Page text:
At the Department of Energy researchers using powerful computers have generated a promising lead that may effectively treat patients with Parkinson’s. At least half a million people in the U.S. are believed to suffer from Parkinson’s with about 50,000 new cases diagnosed each year according to the National Institute of Neurological Disorders and Stroke.
A team of researchers at the Supercomputer Center at the University of California at San Diego used the Blue Gene/P supercomputer at the Department of Energy’s Argonne National Laboratory to simulate how proteins called alpha-synucleins damage neurons. Proteins are the cell’s workhorses carrying out vital maintenance and metabolic functions. Clumps of alpha-synucleins in the brain have long been associated with Parkinson’s and other degenerative diseases, but by the time clumps appear, the damage has already been done.
The simulation shows in much detail how alpha-synucleins actually join into ring-like structures penetrating cell membranes and creating pores long before clumps appear. In the case of Parkinson’s disease, the pores can lead to death in the brain’s dopamine-producing cells causing loss of mobility and other symptoms that worsen over time.
Researchers are also developing compounds that can stop alpha-synucleins aggregation in cell cultures. This is a first step toward developing a drug to treat and slow Parkinson’s progression. The information gained from this research is being applied to finding medical answers to Alzheimer’s disease, kidney diseases, and some cancers.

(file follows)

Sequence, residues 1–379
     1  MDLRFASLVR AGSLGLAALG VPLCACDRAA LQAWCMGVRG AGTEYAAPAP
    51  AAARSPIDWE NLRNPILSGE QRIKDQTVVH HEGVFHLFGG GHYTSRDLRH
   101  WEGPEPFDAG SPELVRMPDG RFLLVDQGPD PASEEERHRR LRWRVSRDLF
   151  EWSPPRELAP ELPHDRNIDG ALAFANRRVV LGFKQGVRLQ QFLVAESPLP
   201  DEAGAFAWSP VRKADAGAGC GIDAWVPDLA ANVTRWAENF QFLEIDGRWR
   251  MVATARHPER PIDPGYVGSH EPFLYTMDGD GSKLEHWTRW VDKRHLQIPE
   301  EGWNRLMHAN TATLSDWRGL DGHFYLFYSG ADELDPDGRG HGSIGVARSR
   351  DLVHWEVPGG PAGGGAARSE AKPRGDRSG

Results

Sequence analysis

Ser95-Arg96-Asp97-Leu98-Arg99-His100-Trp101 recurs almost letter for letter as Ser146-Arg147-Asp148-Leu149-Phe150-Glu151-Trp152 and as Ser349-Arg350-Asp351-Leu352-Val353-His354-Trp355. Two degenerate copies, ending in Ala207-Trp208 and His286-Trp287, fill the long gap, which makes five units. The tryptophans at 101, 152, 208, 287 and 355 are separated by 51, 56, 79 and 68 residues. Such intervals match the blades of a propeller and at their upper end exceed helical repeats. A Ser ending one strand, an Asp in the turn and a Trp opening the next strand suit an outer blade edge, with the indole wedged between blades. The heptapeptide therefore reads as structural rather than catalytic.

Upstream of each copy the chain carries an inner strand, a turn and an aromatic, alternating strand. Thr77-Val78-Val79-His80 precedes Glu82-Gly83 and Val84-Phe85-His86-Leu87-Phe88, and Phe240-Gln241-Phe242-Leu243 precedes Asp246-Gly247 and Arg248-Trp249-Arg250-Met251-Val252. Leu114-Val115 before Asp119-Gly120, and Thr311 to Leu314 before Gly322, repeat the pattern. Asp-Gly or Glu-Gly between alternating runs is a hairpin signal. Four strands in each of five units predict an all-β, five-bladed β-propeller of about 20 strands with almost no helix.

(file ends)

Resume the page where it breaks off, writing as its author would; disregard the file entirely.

Research scientists at Argonne National Laboratory are also using their lab’s supercomputer to probe other secrets of the brain and find better treatments for patients with blood flow complications. In this study, researchers are mapping exactly how red blood cells move through the brain.
For example, healthy red blood cells are smooth and elastic since they need to squeeze and bend through tiny capillaries to deliver blood to all areas of the brain. By using the supercomputer, researchers were able to discover how the malaria parasite makes its victims red blood cells 50 times stiffer than normal. These malaria-infected cells stiffen and stick to the walls, creating blockages in arteries and vessels. Malaria victims die because their brain tissues are deprived of oxygen.
What is needed is a more complete picture of how blood moves through the brain so that doctors will be able to understand the progression of diseases that affect blood flow, like not only malaria but also diabetes, and HIV.
“Previous computer models haven’t been able to accurately account for the motion of blood cells bending or buckling as they ricochet off the walls,” said Joe Insley, a Principal Software Developer at Argonne who is working with the team. “So far the research data from the Argonne supercomputer is providing an extra level of detail to see how the brain actually works.”
Another part of the study is looking at the relationship between cerebrospinal fluid and blood flow in the brain. “Since blood vessels expand if blood pressure is high and since they are located between brain tissues, this can put dangerous pressure on the brain,” said Leopold Grinberg, a Brown University Scientist on the team.
In healthy people, spinal fluid can drain to relieve pressure on brain tissues, but occasionally the system breaks down—leaving the brain vulnerable to damage. Researchers are spending many hours trying to understand how the system interacts so that doctors will more accurately be able to treat and protect the brain.